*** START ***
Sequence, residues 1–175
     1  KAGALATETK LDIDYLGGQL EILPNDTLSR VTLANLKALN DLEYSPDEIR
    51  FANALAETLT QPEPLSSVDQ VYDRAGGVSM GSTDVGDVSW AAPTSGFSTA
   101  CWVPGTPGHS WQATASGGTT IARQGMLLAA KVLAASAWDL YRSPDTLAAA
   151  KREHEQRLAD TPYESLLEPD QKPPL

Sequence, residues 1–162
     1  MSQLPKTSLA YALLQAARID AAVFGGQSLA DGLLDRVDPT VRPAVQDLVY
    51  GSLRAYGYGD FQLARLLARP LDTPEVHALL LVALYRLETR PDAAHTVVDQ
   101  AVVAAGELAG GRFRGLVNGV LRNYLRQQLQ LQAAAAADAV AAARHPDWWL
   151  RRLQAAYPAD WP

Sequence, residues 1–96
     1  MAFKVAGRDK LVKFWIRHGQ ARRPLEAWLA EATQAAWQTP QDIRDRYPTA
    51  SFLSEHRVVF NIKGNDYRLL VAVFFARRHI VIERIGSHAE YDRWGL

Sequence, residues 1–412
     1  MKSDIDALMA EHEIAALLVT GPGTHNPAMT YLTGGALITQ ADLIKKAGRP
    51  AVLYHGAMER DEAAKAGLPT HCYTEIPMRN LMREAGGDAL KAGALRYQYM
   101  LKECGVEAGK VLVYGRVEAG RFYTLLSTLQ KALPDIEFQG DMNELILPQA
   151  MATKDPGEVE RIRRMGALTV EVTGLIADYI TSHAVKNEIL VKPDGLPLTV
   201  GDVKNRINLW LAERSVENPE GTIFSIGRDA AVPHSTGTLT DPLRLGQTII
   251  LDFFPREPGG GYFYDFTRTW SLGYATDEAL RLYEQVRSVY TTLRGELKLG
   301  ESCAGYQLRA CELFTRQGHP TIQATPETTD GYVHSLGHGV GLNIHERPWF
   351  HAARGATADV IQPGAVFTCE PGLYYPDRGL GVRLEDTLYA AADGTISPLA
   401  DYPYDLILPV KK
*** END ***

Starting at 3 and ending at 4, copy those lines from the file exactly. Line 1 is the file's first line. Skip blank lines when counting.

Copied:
    51  FANALAETLT QPEPLSSVDQ VYDRAGGVSM GSTDVGDVSW AAPTSGFSTA
   101  CWVPGTPGHS WQATASGGTT IARQGMLLAA KVLAASAWDL YRSPDTLAAA